British Prime Minister Gordon Brown said in a Knesset speech that the international community stands with Israel in opposing Iran’s nuclear program.
“Iran has a clear choice to make: suspend its nuclear program and accept our offer of negotiations or face growing isolation and the collective response not just of one nation but of all nations around the world,” Brown said.
He further condemned a call by Iranian President Mahmoud Ahmadinejad for Israel to be “wiped off the map” as “totally abhorrent.”
In the first address by a British head of government to the Israeli parliament, Brown recalled hearing admiring tales of Zionist exploits by his father, a Scottish pastor, and said he looked forward to bringing his own children on a visit to the Jewish state.
He spoke of the need for Holocaust education in Britain and beyond, and vowed to oppose attempts by pro-Palestinian academics in his country to boycott their counterparts from Israel.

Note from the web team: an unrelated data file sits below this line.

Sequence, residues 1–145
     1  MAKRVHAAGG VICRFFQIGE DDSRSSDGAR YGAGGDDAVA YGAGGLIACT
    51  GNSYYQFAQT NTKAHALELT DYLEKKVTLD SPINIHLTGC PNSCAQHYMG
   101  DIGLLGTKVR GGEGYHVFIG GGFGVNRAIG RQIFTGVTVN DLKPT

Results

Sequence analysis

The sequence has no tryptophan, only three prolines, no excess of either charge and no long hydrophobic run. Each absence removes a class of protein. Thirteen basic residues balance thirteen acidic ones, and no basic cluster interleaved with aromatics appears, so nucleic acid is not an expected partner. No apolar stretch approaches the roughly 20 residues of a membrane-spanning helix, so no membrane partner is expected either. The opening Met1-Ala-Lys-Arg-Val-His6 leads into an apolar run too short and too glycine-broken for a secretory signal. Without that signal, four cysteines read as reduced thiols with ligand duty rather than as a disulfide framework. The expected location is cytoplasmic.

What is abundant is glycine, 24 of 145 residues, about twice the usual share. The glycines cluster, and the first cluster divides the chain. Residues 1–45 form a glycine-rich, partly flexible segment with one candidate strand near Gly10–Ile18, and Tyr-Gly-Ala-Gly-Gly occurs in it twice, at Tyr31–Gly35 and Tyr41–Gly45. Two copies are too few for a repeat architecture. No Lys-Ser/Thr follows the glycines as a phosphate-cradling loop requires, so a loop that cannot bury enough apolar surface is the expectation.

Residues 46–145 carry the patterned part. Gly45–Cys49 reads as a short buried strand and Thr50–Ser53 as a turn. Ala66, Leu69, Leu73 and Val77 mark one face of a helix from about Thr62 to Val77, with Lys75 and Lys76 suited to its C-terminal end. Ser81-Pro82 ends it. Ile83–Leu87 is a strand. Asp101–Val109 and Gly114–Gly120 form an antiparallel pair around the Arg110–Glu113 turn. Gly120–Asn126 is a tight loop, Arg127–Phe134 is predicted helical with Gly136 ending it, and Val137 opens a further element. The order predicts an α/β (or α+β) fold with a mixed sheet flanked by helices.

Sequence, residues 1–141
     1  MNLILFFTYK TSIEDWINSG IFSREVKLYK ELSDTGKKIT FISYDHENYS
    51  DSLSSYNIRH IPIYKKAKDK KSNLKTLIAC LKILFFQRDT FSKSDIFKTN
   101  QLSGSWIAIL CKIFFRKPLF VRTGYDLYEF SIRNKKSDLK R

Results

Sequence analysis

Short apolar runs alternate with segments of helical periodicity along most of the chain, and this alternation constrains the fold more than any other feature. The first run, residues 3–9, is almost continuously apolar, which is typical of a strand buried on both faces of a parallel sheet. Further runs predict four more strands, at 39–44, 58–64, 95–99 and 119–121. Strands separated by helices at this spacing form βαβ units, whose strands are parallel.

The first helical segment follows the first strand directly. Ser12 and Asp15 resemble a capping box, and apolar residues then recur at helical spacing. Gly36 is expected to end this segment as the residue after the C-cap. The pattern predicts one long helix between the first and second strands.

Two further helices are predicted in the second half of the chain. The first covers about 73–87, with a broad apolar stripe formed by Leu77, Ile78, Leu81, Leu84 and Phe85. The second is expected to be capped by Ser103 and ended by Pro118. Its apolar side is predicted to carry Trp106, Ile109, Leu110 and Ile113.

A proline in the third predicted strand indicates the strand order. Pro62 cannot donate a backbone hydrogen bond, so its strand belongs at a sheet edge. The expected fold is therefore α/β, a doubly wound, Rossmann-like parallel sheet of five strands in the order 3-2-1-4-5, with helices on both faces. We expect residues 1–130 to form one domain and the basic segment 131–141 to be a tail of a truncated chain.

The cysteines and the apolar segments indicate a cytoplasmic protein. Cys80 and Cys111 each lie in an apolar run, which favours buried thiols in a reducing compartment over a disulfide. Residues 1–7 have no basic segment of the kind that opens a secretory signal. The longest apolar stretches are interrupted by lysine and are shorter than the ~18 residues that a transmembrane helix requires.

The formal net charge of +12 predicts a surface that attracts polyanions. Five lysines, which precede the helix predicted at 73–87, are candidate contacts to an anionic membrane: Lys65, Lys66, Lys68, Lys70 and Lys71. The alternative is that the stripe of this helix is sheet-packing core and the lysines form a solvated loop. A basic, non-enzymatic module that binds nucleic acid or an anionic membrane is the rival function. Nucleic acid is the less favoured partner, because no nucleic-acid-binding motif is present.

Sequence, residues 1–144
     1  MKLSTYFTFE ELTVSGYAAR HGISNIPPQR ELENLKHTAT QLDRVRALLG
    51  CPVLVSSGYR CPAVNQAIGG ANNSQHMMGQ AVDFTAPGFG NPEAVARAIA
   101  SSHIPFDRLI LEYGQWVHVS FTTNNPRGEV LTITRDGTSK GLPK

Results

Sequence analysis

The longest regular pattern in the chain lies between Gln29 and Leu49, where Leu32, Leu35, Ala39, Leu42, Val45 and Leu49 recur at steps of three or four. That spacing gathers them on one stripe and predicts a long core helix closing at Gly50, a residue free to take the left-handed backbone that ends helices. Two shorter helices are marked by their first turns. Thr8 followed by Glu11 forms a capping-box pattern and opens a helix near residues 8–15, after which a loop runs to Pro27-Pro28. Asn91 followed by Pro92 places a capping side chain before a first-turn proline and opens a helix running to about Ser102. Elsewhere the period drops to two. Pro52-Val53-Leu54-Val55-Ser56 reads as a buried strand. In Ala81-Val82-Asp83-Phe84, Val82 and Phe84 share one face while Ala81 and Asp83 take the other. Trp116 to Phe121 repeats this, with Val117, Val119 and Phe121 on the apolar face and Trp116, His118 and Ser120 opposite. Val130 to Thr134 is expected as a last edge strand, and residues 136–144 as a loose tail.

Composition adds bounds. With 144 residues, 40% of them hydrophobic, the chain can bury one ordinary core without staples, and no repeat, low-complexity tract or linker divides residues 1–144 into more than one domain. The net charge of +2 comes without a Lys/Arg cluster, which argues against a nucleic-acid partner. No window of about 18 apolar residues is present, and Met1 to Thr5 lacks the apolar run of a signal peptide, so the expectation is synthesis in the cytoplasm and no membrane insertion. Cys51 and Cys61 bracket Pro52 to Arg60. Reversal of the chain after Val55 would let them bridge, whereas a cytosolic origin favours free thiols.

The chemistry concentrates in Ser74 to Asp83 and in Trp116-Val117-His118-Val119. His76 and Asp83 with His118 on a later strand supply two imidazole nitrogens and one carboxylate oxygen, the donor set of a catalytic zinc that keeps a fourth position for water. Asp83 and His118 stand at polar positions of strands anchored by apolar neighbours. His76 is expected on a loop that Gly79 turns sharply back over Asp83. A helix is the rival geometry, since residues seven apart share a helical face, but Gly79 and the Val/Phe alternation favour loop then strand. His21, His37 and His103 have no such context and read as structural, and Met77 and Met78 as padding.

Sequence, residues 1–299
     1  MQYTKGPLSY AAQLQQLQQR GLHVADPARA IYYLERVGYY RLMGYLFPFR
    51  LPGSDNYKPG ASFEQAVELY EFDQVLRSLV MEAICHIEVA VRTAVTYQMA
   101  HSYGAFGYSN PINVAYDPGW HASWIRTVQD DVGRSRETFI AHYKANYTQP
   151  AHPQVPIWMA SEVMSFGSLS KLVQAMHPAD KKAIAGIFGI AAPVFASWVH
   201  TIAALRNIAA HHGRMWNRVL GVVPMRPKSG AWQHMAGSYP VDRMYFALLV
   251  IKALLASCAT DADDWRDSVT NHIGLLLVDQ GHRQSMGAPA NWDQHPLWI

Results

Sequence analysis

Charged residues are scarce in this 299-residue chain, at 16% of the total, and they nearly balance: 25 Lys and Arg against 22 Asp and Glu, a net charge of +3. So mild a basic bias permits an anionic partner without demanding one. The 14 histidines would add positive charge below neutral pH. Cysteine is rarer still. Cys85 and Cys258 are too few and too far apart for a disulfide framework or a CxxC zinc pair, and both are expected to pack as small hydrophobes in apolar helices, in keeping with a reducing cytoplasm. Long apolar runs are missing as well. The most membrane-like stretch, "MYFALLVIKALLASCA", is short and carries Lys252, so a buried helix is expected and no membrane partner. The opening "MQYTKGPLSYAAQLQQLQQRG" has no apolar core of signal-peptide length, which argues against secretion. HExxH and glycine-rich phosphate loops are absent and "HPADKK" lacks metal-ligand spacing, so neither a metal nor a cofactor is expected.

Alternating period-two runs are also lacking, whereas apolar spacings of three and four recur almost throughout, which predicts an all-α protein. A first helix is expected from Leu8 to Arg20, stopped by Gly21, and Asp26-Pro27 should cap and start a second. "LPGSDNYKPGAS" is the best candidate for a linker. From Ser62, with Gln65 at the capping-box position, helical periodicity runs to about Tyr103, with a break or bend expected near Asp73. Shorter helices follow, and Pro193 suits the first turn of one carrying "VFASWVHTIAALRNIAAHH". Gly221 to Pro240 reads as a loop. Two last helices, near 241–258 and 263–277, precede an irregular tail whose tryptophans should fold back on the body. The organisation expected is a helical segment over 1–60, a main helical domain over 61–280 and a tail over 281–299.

But Brown also urged Israel to do more to advance peacemaking with the Palestinians, including eventually “freezing and withdrawing from settlements.”
He praised Palestinian Authority President Mahmoud Abbas, with whom he met on Sunday, and his peers as “the best partners for a generation.”
“They understand that they can never achieve their goals for the Palestinian people at the expense of Israel’s security,” he said.
The speech, which Brown bookended with phrases in Hebrew, was rare in its warmth given the past strains in Anglo-Israeli ties. It was carried almost in its entirely by British satellite broadcasters Sky and the British Broadcasting Corp.
The Archive of the Jewish Telegraphic Agency includes articles published from 1923 to 2008. Archive stories reflect the journalistic standards and practices of the time they were published.